EYEWITNESS LOCAL NEWSReliability Of Electricity Is Questioned If Coal Is Removed From Equation
from Eyewitness News Online
Reported by: Kennie Bass
Videographer: John Tincher, Brad Rice
Web Producer: Kennie Bass
Reported: Sep. 17, 2013 6:19 PM EDT
Updated: Sep. 18, 2013 4:20 PM EDT
Charleston , Kanawha County , West Virginia
Generators like this one here at Eyewitness News were humming across a 13-state region and Washington, D.C. last Wednesday, to avoid a second straight day of blackouts and brownouts caused by unexpected high demand.
Consecutive days of 90-degree temperatures caught power companies off guard during a time of year they usually schedule maintenance.
Without a program that pays customers to limit power use by cranking up their own generators, the lights would have gone out in several parts of the country.
That leaves coal supporters scratching their heads. With pressure mounting on the mining industry and coal-fired power plants, they question why you would take away the nation's most reliable energy source.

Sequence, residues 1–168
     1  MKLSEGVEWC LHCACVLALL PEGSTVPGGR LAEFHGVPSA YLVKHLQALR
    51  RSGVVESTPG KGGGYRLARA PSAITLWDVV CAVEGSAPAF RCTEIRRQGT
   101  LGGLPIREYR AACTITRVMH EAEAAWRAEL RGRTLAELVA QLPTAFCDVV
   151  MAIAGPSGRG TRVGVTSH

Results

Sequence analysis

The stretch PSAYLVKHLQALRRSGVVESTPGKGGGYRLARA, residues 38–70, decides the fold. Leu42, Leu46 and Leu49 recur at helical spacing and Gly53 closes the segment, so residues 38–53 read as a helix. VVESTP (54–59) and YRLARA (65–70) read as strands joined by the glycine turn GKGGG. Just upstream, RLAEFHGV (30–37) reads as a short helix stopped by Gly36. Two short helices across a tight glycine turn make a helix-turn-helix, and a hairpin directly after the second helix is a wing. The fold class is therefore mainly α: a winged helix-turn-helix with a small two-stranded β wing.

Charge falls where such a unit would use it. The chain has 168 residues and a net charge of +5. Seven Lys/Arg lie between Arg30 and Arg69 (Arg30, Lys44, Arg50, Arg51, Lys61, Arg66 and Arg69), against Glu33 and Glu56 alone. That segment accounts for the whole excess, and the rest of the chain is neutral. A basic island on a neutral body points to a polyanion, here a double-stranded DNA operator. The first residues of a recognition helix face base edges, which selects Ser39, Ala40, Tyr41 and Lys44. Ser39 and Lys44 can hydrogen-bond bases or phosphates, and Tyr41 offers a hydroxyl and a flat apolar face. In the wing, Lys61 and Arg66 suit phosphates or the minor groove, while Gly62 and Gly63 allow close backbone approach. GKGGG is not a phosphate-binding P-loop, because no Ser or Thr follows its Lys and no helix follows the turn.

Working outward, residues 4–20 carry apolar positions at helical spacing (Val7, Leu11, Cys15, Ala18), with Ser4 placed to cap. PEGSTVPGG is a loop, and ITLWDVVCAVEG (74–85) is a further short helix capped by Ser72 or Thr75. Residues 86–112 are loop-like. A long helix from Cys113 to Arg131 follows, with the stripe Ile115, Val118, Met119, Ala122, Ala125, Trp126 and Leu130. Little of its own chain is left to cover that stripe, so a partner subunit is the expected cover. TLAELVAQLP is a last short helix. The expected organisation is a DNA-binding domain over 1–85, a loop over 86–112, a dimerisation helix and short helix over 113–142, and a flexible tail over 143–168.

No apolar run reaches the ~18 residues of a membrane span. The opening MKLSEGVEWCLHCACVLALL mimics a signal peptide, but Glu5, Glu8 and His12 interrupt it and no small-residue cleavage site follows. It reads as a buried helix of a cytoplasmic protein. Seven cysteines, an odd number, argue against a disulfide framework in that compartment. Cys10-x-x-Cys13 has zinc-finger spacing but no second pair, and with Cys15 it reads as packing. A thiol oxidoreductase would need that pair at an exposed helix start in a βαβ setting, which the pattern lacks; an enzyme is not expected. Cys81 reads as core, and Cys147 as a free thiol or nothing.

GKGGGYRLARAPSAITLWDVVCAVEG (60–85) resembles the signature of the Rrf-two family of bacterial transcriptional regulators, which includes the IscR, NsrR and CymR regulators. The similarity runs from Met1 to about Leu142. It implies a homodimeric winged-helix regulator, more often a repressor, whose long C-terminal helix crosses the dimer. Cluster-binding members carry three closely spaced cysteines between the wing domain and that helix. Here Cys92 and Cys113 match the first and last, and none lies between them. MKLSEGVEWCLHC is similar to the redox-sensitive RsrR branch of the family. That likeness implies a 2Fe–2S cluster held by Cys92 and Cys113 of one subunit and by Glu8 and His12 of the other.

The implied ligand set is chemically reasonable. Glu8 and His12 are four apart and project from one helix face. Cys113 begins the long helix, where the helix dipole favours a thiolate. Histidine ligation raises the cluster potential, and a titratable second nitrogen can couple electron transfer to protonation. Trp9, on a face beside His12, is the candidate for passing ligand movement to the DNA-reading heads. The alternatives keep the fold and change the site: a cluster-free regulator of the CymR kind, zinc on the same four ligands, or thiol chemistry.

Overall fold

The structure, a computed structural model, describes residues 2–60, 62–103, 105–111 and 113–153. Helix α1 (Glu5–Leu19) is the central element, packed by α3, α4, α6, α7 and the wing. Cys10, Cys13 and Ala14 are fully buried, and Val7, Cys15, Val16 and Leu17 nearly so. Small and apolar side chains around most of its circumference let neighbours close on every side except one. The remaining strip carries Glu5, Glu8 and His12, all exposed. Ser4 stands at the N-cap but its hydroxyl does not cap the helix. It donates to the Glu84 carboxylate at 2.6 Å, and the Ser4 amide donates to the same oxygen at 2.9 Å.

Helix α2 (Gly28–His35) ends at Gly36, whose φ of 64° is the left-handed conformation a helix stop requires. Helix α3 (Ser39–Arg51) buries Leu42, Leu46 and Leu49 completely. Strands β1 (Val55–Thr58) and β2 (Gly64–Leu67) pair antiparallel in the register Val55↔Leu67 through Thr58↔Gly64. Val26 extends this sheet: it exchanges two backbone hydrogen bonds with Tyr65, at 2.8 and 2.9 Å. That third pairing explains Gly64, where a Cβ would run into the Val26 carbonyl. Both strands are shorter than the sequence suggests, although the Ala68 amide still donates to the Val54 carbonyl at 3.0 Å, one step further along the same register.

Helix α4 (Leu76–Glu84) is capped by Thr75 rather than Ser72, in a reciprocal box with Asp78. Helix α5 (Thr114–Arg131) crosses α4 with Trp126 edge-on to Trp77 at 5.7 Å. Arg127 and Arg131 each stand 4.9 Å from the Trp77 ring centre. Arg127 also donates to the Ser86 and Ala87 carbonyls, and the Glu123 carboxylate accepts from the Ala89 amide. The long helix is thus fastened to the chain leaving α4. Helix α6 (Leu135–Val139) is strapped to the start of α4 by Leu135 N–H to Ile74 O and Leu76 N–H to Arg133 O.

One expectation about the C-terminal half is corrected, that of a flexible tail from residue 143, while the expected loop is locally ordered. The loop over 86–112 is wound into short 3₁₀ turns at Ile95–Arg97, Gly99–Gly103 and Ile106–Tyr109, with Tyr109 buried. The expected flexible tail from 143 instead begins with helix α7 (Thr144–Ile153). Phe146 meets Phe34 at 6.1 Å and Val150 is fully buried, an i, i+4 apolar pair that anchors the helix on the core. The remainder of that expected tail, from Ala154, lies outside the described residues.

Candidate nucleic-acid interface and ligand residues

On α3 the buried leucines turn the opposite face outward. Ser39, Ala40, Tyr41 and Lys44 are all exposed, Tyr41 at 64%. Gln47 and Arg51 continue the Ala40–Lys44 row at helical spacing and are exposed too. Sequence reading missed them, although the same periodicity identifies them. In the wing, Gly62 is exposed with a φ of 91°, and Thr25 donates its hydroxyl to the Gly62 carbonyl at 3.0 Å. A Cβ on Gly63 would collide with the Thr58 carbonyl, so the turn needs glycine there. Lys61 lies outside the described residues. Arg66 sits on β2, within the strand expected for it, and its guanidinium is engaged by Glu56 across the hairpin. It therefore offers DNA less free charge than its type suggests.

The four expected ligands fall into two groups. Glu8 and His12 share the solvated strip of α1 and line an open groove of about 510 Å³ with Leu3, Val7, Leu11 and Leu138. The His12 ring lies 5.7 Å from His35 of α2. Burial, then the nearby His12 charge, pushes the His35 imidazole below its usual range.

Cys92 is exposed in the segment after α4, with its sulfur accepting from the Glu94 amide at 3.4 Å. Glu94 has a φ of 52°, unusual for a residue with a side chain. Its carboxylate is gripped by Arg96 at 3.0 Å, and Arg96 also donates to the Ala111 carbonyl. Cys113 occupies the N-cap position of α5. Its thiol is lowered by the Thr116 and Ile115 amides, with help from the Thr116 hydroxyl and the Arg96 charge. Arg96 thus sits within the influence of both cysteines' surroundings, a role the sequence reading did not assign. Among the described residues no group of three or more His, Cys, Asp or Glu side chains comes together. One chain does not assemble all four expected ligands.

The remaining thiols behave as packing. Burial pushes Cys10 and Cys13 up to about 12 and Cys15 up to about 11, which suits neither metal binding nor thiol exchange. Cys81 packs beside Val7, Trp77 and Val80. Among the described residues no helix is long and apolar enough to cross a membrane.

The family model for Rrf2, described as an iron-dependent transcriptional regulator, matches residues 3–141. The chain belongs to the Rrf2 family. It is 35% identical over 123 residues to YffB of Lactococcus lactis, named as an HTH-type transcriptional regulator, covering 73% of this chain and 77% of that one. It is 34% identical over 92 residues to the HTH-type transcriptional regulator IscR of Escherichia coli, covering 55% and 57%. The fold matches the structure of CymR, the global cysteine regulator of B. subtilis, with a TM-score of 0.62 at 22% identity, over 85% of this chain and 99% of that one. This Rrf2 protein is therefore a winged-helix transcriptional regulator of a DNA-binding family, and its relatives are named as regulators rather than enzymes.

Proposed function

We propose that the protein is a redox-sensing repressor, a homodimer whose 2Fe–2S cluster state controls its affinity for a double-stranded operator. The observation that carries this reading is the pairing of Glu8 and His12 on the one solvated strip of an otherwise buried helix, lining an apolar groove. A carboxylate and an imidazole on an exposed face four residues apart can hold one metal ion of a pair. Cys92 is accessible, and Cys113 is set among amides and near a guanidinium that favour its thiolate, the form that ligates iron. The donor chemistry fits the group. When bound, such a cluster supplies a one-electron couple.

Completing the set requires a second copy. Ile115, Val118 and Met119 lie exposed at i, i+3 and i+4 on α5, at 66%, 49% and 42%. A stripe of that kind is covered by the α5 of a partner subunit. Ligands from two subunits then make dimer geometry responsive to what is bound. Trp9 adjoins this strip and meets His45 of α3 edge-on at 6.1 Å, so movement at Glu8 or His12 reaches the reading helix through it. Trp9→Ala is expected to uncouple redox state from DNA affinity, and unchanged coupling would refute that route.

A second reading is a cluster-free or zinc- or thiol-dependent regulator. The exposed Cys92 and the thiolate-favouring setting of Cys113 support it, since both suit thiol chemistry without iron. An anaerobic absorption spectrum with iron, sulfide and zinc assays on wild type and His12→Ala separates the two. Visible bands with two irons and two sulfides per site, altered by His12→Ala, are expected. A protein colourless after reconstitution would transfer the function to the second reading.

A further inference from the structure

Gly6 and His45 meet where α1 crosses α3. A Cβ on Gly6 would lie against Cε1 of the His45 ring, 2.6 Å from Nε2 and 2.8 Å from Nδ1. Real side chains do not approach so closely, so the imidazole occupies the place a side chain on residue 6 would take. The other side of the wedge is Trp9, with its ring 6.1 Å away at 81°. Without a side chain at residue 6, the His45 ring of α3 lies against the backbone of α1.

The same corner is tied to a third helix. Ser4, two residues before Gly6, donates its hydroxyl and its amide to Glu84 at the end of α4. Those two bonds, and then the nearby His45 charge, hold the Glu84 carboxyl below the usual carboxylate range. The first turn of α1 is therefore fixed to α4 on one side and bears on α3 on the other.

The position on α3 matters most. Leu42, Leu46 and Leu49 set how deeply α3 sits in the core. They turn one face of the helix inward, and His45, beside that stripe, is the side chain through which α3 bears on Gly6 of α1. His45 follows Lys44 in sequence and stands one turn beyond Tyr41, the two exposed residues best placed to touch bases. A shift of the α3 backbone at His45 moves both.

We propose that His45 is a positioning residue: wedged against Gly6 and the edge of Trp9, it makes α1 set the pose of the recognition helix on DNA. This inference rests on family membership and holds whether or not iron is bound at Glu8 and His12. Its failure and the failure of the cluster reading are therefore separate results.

"You know, last week they had to ask people to back down on their use of electricity in certain places," Bill Raney, with the W.Va. Coal Association, said. "Well, that was just a typical summer two or three days. So, something's going on there."
"The shortage of electricity at peak time," Gov. Earl Ray Tomblin of West Virginia said. "There may be a rationing of electricity on the east coast. So, my opinion is those are the kind of things that they continue to perpetuate with the rulings that come out from the EPA."
In the last several years blackouts in America are on the rise, with estimates that they cost the country 150 million dollars annually. Critics of the president's plan to marginalize coal say putting the squeeze on power plants which use it as fuel make the potential problem much worse.
"But when you start taking all of these coal-fired plants out of the equation then you're removing a great deal of reliability," Raney said. "And everybody wants their lights to come on when they hit the switch. And it doesn't make any difference if it's five o'clock at night or five o'clock in the morning they want it to work. Coal lets you do that."
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